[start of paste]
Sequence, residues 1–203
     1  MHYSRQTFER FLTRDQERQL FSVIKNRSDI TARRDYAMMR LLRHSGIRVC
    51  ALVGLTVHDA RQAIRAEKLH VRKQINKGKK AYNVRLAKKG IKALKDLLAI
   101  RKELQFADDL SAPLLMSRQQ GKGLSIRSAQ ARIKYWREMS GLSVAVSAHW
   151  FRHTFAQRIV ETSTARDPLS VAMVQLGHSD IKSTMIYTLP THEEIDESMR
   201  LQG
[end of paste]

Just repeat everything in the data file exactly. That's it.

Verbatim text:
Sequence, residues 1–203
     1  MHYSRQTFER FLTRDQERQL FSVIKNRSDI TARRDYAMMR LLRHSGIRVC
    51  ALVGLTVHDA RQAIRAEKLH VRKQINKGKK AYNVRLAKKG IKALKDLLAI
   101  RKELQFADDL SAPLLMSRQQ GKGLSIRSAQ ARIKYWREMS GLSVAVSAHW
   151  FRHTFAQRIV ETSTARDPLS VAMVQLGHSD IKSTMIYTLP THEEIDESMR
   201  LQG